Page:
Heading into Vancouver, one the dark horses in the men's Olympic hockey tournament was Slovakia. With its offense led by Marian Gaborik(notes) and Marian Hossa(notes), and with Jaroslav Halak(notes) tending the net, the Slovaks were a team that was ready to make some noise in Group B.
What could derail the team are the injury issues that surround its top two players, as Slovakia prepares for their opening round game against the Czech Republic on Wednesday night.
According to NHL.com, the Slovakian team doctor said that Gaborik is still weak in his right leg and that flexing his knee is difficult. Gaborik collided with Henrik Lundqvist(notes) during practice a week ago, and the New York Rangers forward took a skate to the thigh.
One deep gash later, and Dr. Dalimir Jancovic tells John Dellapina that he believes Gaborik should not train for at least three days, which would mean he'd miss the Czech Republic game as well as Thursday evening's game against Russia. Gaborik would then be available to return for Slovakia's final round-robin game Saturday against Latvia, where Slovakia could find themselves winless and needing any sort of boost before the qualification round begins next week.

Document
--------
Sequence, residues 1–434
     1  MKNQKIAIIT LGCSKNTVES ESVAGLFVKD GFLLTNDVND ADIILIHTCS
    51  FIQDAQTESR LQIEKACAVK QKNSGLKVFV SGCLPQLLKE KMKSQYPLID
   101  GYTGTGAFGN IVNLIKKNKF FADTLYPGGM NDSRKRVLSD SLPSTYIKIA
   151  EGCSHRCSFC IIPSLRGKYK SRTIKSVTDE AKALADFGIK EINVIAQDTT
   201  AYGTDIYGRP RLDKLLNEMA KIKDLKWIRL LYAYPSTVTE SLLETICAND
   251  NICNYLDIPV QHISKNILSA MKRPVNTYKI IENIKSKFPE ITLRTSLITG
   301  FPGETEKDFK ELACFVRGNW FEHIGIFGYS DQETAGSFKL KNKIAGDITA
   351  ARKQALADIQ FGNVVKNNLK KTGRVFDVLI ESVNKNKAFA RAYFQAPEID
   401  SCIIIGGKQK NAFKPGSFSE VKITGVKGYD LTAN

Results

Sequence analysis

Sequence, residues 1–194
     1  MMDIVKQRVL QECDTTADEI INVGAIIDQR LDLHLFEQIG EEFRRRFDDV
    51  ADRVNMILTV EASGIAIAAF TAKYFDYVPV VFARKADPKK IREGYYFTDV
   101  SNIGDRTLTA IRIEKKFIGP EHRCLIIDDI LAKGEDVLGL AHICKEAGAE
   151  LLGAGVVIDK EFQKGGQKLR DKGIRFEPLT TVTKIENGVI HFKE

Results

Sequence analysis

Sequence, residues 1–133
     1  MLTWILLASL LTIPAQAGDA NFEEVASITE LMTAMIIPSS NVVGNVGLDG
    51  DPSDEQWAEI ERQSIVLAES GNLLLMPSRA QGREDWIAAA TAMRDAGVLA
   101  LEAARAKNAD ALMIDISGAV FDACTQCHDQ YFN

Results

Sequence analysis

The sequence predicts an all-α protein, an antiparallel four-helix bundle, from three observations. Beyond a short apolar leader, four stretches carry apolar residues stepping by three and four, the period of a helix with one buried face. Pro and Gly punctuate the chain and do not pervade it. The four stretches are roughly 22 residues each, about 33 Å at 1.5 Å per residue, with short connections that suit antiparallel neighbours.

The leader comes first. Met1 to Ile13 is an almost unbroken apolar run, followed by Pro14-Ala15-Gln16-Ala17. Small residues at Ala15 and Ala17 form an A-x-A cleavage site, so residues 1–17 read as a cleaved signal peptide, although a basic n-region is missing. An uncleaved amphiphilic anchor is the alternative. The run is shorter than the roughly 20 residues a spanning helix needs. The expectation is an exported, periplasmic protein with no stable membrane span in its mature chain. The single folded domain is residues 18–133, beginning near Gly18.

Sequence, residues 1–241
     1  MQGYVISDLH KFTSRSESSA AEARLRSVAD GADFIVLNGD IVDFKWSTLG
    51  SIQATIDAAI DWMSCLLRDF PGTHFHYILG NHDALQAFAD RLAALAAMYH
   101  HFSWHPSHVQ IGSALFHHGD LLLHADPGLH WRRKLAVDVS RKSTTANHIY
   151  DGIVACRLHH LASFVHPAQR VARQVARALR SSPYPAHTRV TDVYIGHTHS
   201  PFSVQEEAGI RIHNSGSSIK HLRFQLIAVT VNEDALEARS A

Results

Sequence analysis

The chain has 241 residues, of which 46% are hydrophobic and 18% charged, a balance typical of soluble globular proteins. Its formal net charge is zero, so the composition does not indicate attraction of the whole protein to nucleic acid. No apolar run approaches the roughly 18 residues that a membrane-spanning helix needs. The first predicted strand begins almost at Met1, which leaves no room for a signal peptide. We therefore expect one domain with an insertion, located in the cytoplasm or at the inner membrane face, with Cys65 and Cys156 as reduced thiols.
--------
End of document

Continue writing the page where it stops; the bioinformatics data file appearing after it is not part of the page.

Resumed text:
Gaborik isn't the only injury worry for Slovakia. The team's other offensive threat, Hossa, sat out the Chicago Blackhawks final game before the Olympic break Sunday night after taking a hit Saturday from Atlanta's Colby Armstrong(notes). Hossa managed to get through the entire Slovakian practice Monday without pain and said he just needs doctor's approval and he can play:
"Today I did a little bike test and I didn’t have any headaches, so I decided to skate for the first 20 or 25 minutes," Hossa said. "But it felt pretty good, so I stayed out for the whole practice. Basically, I didn't go hard – I went 60-70 percent.
"But if I'm going to feel pretty good in the next hour that's a good sign. [Tuesday] I have to do some tests with the doctor. And if I pass those tests, I should be cleared to play."
This year's tournament features the addition of the qualification playoff after the round-robin games, where the group winners plus the fourth-place team overall will get byes to the quarterfinals. The remaining eight teams are seeded and play to advance to face the group winners in the quarterfinal round. That safety net could help a team like Slovakia that could get off to a slow start, but the addition of a Gaborik before their final group game could help in the one-and-done qualification round.